Power/Performance Bits: July 2

Wi-Vi; new eyes for military.

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Using low-power Wi-Fi to track moving humans
Based on a concept similar to radar and sonar imaging, researchers at MIT’s Computer Science and Artificial Intelligence Laboratory have created a system capable of seeing people through walls. Previous efforts to develop such a system have involved the use of expensive and bulky radar technology that uses a part of the electromagnetic spectrum only available to the military.

Now a system being developed by the MIT researchers could give everyone the ability to spot people in different rooms using low-cost Wi-Fi technology. The researchers said they wanted to create a device that is low-power, portable and simple enough for anyone to use, to give people the ability to see through walls and closed doors.

The system, called “Wi-Vi,” is based on a concept similar to radar and sonar imaging but in contrast to radar and sonar, it transmits a low-power Wi-Fi signal and uses its reflections to track moving humans. It can do so even if the humans are in closed rooms or hiding behind a wall.

As a Wi-Fi signal is transmitted at a wall, a portion of the signal penetrates through it, reflecting off any humans on the other side. However, only a tiny fraction of the signal makes it through to the other room, with the rest being reflected by the wall, or by other objects. They had to come up with a technology that could cancel out all these other reflections, and keep only those from the moving human body.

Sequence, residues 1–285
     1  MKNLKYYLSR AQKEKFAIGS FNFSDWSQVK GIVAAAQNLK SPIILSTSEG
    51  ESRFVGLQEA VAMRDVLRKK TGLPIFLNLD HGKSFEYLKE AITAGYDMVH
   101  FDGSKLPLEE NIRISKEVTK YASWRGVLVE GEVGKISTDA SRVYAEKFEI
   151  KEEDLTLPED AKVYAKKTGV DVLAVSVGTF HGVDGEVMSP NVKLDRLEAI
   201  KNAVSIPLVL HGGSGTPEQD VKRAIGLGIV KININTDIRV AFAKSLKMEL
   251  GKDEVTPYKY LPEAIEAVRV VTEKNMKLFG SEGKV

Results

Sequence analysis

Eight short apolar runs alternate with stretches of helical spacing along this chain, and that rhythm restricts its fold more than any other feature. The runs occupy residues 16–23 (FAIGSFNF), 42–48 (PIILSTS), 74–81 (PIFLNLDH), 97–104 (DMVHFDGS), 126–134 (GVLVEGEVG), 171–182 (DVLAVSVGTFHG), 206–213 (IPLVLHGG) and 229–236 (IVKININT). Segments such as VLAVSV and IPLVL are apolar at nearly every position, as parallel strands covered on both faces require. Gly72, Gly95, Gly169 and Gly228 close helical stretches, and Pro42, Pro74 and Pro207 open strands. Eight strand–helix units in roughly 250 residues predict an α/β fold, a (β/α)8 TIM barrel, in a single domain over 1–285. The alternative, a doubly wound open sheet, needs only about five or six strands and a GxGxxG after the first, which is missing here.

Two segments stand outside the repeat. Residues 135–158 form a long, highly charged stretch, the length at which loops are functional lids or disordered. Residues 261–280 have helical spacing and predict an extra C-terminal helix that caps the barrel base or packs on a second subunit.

Off-the-shelf telecom technology new eyes for military
A new laser system developed of off-the-shelf telecom technology by researchers at the University of Michigan that can show what objects are made of could help military aircraft identify hidden dangers such as weapons arsenals far below.

The system emits a broadband beam of infrared light. While most lasers emit light of one wavelength, or color, super-continuum lasers like this one give off a tight beam packed with columns of light covering a range of wavelengths – a blend of colors. Because this beam is in the infrared region, it’s invisible to human eyes but can illuminate deep information.

The infrared contains what scientists refer to as the “spectral fingerprinting range” – frequencies at which they can detect echoes of the vibrations of the molecules that make up a solid substance. A substance’s spectral fingerprint reveals which wavelengths of light it absorbed, and which it reflected. Different substances absorb and reflect different wavelengths. So by shining the new laser on a target and analyzing the reflected light, the researchers can tell the chemical composition of the target.

These higher power lasers could give an aircraft flying at higher altitudes the capacity to illuminate a region with a brightness comparable to sunlight, and then image that region. Many chemical sensors in use today work at close range, but few, if any, can do the job from a long distance.

Beyond military applications, this device has the potential to improve upon today’s full-body airport screening technologies.

~Ann Steffora Mutschler